Chapter 262, Laws of 1986, does not address whether a smaller port district may be formed in a county already containing a county-wide port district. The absence of any statutory provisions on this subject raises doubts that the Legislature intended to authorize such actions, since the Legislature has specifically [[Orig. Op. Page 4]] authorized and established procedures to be followed for other actions concerning port districts. Those actions include annexation of territory (RCW 53.04.080-53.04.100), consolidation of two or more port districts (chapter 53.46 RCW), dissolution of inactive port districts(chapter 53.47 RCW), and the dissolution of port districts (chapter 53.48 RCW). Had the Legislature intended to authorize the creation of smaller port districts within county-wide port districts, we assume the Legislature would have provided similar express authority and procedures for the formation of such port districts.
Indeed, the floor debates in both the House and the Senate show that the Legislature did not intend to authorize the creation of such smaller port districts by passing Engrossed Substitute House Bill 1804, 49th Legislature (1986) (chapter 262, Laws of 1986). Engrossed Substitute House Bill 1804 was originally introduced by Representative Vander Stoep. On February 13, 1986, Representative Vander Stoep spoke in favor of passage by the House as follows:
This is a bill that will allow a two and one‑half year window period for entities smaller than counties to establish port districts. If you live in a county that is already a port district like King or Pierce or another, this bill will not have any effect in your area. The thrust of it is to allow economically depressed areas ‑ if they think that they can benefit by bringing in new business by the establishment of port districts ‑ to give the voters in these areas an opportunity for two years to make that determination. I urge your passage of this measure.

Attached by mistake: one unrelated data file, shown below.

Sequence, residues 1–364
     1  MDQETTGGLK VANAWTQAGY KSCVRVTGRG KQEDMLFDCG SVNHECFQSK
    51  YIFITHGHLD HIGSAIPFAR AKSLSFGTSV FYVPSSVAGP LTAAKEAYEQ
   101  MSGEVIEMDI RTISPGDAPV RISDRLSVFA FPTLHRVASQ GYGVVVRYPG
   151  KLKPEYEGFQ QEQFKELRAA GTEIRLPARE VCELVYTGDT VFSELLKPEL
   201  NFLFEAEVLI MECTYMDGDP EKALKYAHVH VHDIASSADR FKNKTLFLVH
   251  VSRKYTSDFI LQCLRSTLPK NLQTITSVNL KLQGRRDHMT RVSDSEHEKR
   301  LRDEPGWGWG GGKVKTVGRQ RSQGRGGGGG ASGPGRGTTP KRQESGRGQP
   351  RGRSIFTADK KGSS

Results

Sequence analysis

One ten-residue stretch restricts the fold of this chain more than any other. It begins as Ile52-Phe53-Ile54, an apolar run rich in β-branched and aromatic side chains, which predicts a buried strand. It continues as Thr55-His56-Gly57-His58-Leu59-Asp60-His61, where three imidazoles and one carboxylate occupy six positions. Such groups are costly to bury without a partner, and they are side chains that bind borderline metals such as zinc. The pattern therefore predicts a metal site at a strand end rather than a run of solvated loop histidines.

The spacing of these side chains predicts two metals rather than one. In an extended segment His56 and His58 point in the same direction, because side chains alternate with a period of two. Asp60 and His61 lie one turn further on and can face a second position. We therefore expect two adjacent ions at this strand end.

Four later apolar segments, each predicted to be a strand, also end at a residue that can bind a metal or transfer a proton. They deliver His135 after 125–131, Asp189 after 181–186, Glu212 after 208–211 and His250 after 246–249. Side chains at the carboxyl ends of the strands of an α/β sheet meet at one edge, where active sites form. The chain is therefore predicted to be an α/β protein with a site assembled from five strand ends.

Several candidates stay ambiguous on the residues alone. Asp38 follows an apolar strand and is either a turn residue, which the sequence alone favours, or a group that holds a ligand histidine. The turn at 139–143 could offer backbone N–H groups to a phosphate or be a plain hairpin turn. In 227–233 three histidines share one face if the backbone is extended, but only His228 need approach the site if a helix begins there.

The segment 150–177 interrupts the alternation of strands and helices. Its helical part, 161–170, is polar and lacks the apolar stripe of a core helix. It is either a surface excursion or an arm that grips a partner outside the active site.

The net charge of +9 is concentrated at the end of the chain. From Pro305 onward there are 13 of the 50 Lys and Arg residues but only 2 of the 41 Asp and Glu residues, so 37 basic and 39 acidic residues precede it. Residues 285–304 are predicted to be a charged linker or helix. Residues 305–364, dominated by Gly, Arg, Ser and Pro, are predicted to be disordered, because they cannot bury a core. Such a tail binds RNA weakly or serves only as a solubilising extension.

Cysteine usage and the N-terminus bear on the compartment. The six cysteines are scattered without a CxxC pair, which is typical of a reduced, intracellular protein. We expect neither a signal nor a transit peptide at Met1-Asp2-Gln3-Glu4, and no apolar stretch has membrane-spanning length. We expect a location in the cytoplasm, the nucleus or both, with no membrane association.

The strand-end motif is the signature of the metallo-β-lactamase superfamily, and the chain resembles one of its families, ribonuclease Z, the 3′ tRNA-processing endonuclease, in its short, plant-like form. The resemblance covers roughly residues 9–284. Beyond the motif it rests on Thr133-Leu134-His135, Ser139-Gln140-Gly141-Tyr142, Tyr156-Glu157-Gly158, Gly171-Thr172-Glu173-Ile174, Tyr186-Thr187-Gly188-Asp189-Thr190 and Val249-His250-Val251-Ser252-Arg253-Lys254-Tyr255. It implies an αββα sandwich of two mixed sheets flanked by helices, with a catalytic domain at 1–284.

SeeHouse Journal, 49th Legislature (1986), at 358.2/ According to its prime sponsor, Representative Vander Stoep, Engrossed Substitute House Bill 1804 was not intended to affect counties with established county-wide port districts. Representatives Hine, Sayan, Padden, and Bond followed Representative Vander Stoep with comments on the bill. They did not take issue with his statements [[Orig. Op. Page 5]] concerning the effect of the bill on counties with county-wide port districts, but rather spoke in favor of or against the bill on other grounds. Id.
When Engrossed Substitute House Bill 1804 came on for second and third reading before the Senate on March 6, 1986, Senator Thompson stated as follows: